BMD Problems

A friend emailed me on Saturday evening – could I look for his great grand-mother – she seemed to have disappeared. Given that Saturday night TV isn’t the most interesting I had a look.

My friend referred to Louisa Lewis (nee Scott) who was with her husband Augustus and their children in Chesterfield in 1901. It was easy to find them in 1891 but they weren’t on the 1911 census – not a surprise for Augustus as my friend had found his death in 1902. I soon found the children in 1911, all living together with the eldest daughter who had married – she was transcribed as Thirza on the 1911, Horiza on 1901 and Theresa on the 1891 but I digress! The children being together suggested that Louisa had died too, but there was no suitable entry on FreeBMD.

My suspicious mind then wondered whether Louisa had remarried, and eventually FreeBMD turned up a suitable pair of husbands (either William Henry Richards or Robert Nunn), and so I looked in 1911 for Louisa under either of the surnames – again no luck.  I wondered if she had died after all, after her remarriage, and indeed a suitable death showed up. I emailed my friend and he found an entry for Robert Nunn, widow, on the 1911.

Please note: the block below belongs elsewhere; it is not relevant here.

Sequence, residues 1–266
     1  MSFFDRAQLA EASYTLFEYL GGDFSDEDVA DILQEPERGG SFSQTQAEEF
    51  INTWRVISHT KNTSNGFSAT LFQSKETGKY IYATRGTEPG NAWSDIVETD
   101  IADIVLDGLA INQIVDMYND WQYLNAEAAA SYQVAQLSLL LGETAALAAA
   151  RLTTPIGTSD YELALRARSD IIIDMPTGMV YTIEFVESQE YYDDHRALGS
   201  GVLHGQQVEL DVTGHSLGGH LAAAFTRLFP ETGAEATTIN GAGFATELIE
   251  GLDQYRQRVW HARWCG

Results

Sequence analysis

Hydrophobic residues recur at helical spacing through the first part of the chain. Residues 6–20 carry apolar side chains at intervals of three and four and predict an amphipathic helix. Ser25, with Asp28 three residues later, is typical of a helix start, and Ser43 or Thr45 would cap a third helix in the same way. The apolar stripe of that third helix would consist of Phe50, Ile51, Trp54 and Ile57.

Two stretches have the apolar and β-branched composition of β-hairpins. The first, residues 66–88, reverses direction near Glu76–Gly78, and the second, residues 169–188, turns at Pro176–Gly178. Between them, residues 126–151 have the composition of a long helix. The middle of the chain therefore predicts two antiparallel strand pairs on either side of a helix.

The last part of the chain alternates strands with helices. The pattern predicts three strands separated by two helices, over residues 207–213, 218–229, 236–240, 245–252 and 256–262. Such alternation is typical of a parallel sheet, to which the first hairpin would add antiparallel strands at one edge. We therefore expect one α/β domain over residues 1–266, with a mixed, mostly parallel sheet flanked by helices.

So he has gone away happy, and is getting the certificates to prove the matter.

It turned out he had in fact gone down the same route that I did without success – but he had used FindMyPast, where I had used FreeBMD (or the Ancestry mirror as the FreeBMD server was overloaded yet again). He had found Louisa’s marriage as Chesterfield 7b 1592 – I had it as 7b 1593 – so his set of husbands didn’t match.

Which all goes to show:

  • It’s far more interesting to do this sort of thing than watch Saturday night TV
  • The quality of transcription leaves a lot to be desired – at least FreeBMD have some quality controls
  • Always go as far back towards the source documents as you can – errors abound
  • 2 heads are better than 1
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